Lac-Megantic gathers to remember fatal train derailment of a year ago

Mayor Colette Roy Laroche said her council had to make a hard choice when it decided to continue to allow trains to run through Lac-Megantic, which one year ago this weekend was devastated by a derailment that killed 47 people.

LAC-MEGANTIC, Que. — Mayor Colette Roy Laroche said her council had to make a hard choice when it decided to continue to allow trains to run through Lac-Megantic, which one year ago this weekend was devastated by a derailment that killed 47 people.

“The municipal council juggled between reason and emotion but chose the survival of the local and regional community,” Roy Laroche told a news conference on the eve of ceremonies marking the one-year anniversary of the July 6, 2013, tragedy.

Lac-Megantic, which was built around the railroad, grabbed worldwide attention when a train loaded with volatile fuel oil careened off its tracks as it barrelled through town and exploded.

A large section of the town was destroyed in a series of explosions and fireballs that were picked up in satellite images from space.

While the tragedy is still keenly felt in the community of about 6,000, Roy Laroche said she feels the weekend’s events are important to help people move forward.

“The commemoration events . . . are an important step, an important step to make peace with this tragedy, to also find our serenity,” she said Friday. “There will be difficult moments, I know, but also moments where we come together as a community.”

Included in the events will be the planting of flowers by Roy Laroche and a group of local children as well as the release of a flock of butterflies.

A number of musical and social events will also be held.

A midnight mass followed by the vigil will complete Saturday’s activities.

On Sunday, dignitaries including Quebec Premier Philippe Couillard will join families and Lac-Megantic residents for a commemorative mass followed by the dedication of a monument and a procession.

Rev. Steve Lemay, the parish priest, said the Ste-Agnes Church and its statue of Jesus had become icons of determination in the community. A photo of the statue, its arms outstretched amid the fireballs of the July 6 explosions, had circulated around the world when the tragedy happened.

“Because of its location, the church became a powerful symbol of resiliance,” Lemay told a news conference. “It stood up before the tragedy and it is for us an an example of people living through this ordeal, of standing up in front of the difficulties.”

The day will wrap up with a concert.

Many people say they will skip the events as they continue to cope with the trauma.

The clinical co-ordinator for psychosocial assistance in the region has said her team treated 423 people in the Lac-Megantic area during the last 10 months.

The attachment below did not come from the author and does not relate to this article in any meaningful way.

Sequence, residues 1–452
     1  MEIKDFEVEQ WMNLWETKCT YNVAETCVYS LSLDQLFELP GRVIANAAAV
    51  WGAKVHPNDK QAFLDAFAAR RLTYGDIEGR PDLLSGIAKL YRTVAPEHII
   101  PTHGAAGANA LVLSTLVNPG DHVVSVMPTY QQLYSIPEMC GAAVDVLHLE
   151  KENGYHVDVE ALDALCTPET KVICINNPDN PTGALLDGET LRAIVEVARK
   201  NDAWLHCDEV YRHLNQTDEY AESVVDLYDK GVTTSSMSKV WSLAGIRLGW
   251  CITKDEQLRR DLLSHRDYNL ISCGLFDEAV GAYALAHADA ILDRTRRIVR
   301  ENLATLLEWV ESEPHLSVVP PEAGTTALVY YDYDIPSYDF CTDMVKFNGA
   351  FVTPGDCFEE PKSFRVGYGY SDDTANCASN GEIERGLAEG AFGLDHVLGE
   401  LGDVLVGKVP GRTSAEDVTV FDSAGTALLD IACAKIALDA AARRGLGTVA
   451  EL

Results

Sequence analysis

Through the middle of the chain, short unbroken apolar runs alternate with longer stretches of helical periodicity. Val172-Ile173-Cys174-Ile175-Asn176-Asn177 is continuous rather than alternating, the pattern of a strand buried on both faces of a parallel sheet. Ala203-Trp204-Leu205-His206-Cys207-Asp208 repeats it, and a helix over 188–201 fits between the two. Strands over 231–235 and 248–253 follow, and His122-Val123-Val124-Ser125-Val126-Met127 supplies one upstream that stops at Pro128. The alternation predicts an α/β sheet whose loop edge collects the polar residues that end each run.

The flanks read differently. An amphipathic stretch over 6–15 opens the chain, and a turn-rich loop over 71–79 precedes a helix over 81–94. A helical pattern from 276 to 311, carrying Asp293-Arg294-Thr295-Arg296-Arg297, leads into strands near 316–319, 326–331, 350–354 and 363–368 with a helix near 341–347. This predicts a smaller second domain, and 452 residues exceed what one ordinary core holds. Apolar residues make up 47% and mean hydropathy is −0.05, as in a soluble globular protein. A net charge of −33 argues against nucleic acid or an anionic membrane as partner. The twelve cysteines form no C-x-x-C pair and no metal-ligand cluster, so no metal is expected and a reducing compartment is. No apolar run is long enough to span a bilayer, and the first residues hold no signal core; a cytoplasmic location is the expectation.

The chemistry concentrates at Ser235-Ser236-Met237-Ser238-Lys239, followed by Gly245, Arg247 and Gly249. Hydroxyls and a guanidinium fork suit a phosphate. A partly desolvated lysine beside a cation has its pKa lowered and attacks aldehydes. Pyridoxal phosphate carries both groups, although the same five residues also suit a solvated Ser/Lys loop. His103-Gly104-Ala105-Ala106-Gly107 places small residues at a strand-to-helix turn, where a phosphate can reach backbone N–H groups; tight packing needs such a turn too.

Those interventions included 188 group and 2,035 individual therapy sessions.

Among the complaints were anxiety, flashbacks and a “terrible fear” of the area’s train tracks.

The disaster sparked a hard look at rail safety by the government.

The federal government pledged to pull all old tank cars, known as DOT-111s, off Canada’s rails during the next few years. The pledge involves removing up to 5,000 of the rupture-prone tankers from the tracks within a month.

The Transportation Safety Board also recommended that dangerous goods should not be left unattended on a main track and also that rail equipment be properly secured.

The Railway Association of Canada, a group that represents rail companies, says the industry is committed to do what is required in the areas of safety, training and emergency preparedness to prevent another disaster like the one that occurred in Lac Megantic.

It says the rail industry in North America is spending $2.5 billion this year to ensure the safety of its infrastructure.

The town is slowly rebuilding, although business people have said that government cash is slow in coming.

The federal and provincial government had pledged millions of dollars each to help in the recovery effort.

As well, Quebec prosecutors have laid 47 charges of criminal negligence causing death against the rail company and three of its employees. Train engineer Thomas Harding, railway traffic controller Richard Labrie and manager of train operations Jean Demaitre were all charged.

Montreal, Maine and Atlantic Railway, which had filed for bankruptcy protection, was sold in a closed-door auction in January for $15.85 million. The buyer was later revealed to be Railroad Acquisition Holdings, an affiliate of New York-based Fortress Investment Group.

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